BOISE, IDAHO - Police officers and other city staffers are working to reduce the amount of time their cars idle to save gas and curb pollution, according to

The policy was informally adopted by Mayor Dave Bieter and his executive management team in recent months, spokesman Adam Park said Thursday. The anti-idling policy is set for final approval and adoption into the city's employee handbook, Park said.

The city has a fleet of about 1,100 vehicles, Fleet Services Manager Craig Croner has said. Croner worked with a city fleet advisory committee to craft the anti-idling policy.

"It's a recommendation," said Lynn Hightower, spokeswoman for Boise police. "First and foremost, there are officer safety needs."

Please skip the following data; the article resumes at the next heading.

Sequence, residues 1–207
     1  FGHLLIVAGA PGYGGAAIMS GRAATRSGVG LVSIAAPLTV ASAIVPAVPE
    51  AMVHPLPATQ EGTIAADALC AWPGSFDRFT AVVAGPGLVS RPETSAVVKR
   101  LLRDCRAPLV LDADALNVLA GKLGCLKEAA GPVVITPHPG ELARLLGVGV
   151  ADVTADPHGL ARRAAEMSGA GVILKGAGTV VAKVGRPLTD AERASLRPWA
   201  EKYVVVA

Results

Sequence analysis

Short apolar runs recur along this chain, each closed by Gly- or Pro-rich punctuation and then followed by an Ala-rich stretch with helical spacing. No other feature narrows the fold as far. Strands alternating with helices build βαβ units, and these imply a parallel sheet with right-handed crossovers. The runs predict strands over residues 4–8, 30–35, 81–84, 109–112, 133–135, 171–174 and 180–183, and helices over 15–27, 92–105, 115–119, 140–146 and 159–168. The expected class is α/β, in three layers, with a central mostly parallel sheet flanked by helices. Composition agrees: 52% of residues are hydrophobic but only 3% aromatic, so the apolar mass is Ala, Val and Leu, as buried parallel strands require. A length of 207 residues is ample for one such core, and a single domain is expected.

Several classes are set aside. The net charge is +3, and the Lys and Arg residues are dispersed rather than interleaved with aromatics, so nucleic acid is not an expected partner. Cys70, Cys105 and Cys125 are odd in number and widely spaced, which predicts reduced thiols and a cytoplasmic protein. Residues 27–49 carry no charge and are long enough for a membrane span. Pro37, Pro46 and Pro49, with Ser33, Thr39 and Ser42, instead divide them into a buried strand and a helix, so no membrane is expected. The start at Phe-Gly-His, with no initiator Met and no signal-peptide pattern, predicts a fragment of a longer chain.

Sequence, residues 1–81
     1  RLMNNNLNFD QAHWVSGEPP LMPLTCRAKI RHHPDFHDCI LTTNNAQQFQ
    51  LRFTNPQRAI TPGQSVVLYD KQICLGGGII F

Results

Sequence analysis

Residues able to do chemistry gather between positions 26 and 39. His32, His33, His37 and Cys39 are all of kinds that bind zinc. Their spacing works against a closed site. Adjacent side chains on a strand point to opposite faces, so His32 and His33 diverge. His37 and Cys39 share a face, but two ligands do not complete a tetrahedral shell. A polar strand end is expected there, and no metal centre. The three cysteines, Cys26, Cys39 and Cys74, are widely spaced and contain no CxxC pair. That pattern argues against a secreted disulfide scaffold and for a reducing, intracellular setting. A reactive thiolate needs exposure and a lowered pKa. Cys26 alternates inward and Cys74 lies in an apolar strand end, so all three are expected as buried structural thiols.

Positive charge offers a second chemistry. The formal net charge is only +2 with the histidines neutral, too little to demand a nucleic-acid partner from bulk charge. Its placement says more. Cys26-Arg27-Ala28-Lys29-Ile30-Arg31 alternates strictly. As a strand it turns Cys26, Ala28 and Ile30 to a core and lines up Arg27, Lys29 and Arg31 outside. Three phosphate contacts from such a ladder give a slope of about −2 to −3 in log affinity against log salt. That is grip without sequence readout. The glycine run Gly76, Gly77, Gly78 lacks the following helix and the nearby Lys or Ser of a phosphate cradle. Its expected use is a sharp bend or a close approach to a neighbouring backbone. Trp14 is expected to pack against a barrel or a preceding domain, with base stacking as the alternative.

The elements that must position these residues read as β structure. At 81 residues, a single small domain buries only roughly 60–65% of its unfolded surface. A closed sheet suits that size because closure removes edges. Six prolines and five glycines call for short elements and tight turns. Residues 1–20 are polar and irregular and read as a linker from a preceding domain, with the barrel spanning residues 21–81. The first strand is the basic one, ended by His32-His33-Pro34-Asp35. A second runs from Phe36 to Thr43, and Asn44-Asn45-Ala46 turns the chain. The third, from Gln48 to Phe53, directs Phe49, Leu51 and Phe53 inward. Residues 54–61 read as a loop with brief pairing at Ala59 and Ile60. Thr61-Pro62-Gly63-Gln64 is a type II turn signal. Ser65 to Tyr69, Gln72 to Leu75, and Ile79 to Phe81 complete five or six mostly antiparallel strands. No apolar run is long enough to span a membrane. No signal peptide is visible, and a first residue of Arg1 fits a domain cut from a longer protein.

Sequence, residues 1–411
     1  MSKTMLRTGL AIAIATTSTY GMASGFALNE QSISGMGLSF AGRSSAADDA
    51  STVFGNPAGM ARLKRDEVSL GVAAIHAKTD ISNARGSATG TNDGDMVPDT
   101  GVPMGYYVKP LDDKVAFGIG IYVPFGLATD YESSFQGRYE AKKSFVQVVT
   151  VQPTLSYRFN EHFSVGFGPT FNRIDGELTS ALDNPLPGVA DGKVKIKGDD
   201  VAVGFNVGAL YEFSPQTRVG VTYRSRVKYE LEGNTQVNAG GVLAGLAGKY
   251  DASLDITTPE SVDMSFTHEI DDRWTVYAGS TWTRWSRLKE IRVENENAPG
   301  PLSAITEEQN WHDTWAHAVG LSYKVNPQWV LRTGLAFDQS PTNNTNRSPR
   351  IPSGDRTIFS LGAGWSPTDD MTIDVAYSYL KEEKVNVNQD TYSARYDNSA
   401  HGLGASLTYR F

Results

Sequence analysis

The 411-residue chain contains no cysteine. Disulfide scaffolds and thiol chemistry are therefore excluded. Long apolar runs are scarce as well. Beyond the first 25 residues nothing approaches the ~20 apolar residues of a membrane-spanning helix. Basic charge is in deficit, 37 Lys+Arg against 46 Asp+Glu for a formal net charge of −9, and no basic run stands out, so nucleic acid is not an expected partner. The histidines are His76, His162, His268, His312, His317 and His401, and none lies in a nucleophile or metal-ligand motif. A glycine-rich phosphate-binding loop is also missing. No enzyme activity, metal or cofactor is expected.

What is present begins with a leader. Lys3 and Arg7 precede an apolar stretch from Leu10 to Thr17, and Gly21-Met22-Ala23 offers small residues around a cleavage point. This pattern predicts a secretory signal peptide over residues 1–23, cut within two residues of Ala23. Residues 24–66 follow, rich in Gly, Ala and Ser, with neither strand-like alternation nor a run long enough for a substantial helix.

Often, Hightower said, computers and other equipment outfitted in police cars take a beating in the heat. And there are some situations when officers must leave a car idling if they might have to take off quickly.

"Some officers have said it will take 15 or 20 minutes in cars for their computers to turn back on again," Hightower said. "Officers have been asked to be very prudent with gas savings, with their fuel use. If at all possible, turn off the vehicles."

According to the city's proposed anti-idling policy, studies have shown it is more fuel-efficient to turn vehicles off and then restart than to leave them idling.

The policy lays out certain conditions where idling is allowed, including in inclement weather and police vehicles doing traffic enforcement.

The city has also created a fuel contingency fund, sold about 50 older, unneeded or gas-guzzling cars, and purchased a new fleet tracking system to monitor fuel consumption and mileage.